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Welcome to History Buff, a blog for history lovers everywhere! History Buff brings news stories about archaeology from around the world together on one site. From finds in ancient Egypt to new discoveries in anthropology, History Buff wants to know.

Michelle Moran
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A serial flirt with a taste for drink and toyboys: How the REAL Jane Austen is portrayed in a new drama based on her own letters


An incorrigible flirt with a crush on a man half her age, a woman who scandalously reneges on the acceptance of a marriage proposal, and a reveller familiar with hangovers because of her penchant for wine.

The above depiction of Jane Austen has already sent shudders down the corsets of her fans worldwide, for this little-known side to the early 19th-century author is the subject of a new BBC costume drama, Miss Austen Regrets.

Many of us are familiar with the swoon-inducing romance of her novels, from Pride And Prejudice to Sense And Sensibility and Mansfield Park.

Her powerful characters, combined with her biting social commentary, have made her one of the most widely-read and best-loved writers in literature.

But the facts about the author's life are in short supply as Austen (played by Olivia Williams in the film) never wrote a memoir, never sat for an interview and never recorded whether she herself had felt the joys and disappointments of the love about which she writes.

To make matters worse, when Jane died, aged 41, her sister Cassandra burned many of her letters - probably to spare the feelings of relatives and acquaintances who were the target of Jane's barbs.

The characters and incidents in the film - exquisitely shot at Hall Barn, Buckinghamshire, where Sense And Sensibility, Gosford Park and Chariots Of Fire were also made - are drawn from the correspondence that does survive between Jane and Cassandra, and Jane and her niece Fanny Knight.

They examine why, despite all the love stories filling her rich imagination, Jane, who embodied the brilliant wit and high spirits of her heroines, did not take the plunge into matrimony herself.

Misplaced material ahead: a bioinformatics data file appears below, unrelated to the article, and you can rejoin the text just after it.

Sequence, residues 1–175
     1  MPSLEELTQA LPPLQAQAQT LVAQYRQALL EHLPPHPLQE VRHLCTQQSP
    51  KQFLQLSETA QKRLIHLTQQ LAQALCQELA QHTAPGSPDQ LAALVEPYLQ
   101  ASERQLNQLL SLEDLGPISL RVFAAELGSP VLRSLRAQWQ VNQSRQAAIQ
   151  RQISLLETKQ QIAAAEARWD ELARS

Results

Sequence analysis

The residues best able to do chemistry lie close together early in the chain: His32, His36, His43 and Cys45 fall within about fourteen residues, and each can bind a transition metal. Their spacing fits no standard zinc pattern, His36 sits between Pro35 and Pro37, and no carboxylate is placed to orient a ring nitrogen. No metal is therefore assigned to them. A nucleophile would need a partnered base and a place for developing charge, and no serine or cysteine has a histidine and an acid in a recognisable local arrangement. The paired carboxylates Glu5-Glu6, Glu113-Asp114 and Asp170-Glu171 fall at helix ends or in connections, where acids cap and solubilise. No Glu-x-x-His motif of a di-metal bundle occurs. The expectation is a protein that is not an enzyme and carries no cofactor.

"People who think of Jane Austen as a little country mouse who was reserved around men will be shocked," reveals Gwyneth Hughes, who wrote the script after painstakingly scouring Austen's letters for revealing new insights into the author's life.

She comes across as more waspish than ever before. In fact, Jane was described by her contemporary, writer Mary Russell Mitford, as the "prettiest, silliest, most affected husband-hunting butterfly ever".

"She really liked witty repartee and she was very comfortable in male company," says Hughes. "The flirting is clear from her letters, especially where she says tartly: 'I never married because I never met anyone worth giving up flirting for.'"

She certainly never seemed to find her own Mr Darcy and therein lies the crux of the plot of Miss Austen Regrets, where Jane jokes: "I am she that loved and lost", and says to Fanny: "My darling girl, this is the real world - the only way to get a man like Mr Darcy is to make him up."

Olivia Williams's Austen is no shrinking violet. She sees her novels as beloved children and the decision not to wed as vital to her giving birth to them.

It is not simply the tale of Austen's life, which began in Hampshire with her six brothers and sister in a family on the lower fringes of gentry.

Phyllida Law plays Jane's mother, and Williams in the lead role brings across all the confidence of a woman who began writing novels at 15.

The real Jane mixed frequently with friends and neighbours, and read novels (often her own) aloud with her family in the evenings. This socialising often led to dancing, either impromptu in someone's home after supper, or at balls held at the assembly rooms in the town hall.

One of her brothers, Henry, later said that: "Jane was fond of dancing, and excelled in it."

Read the rest on the DailyMail.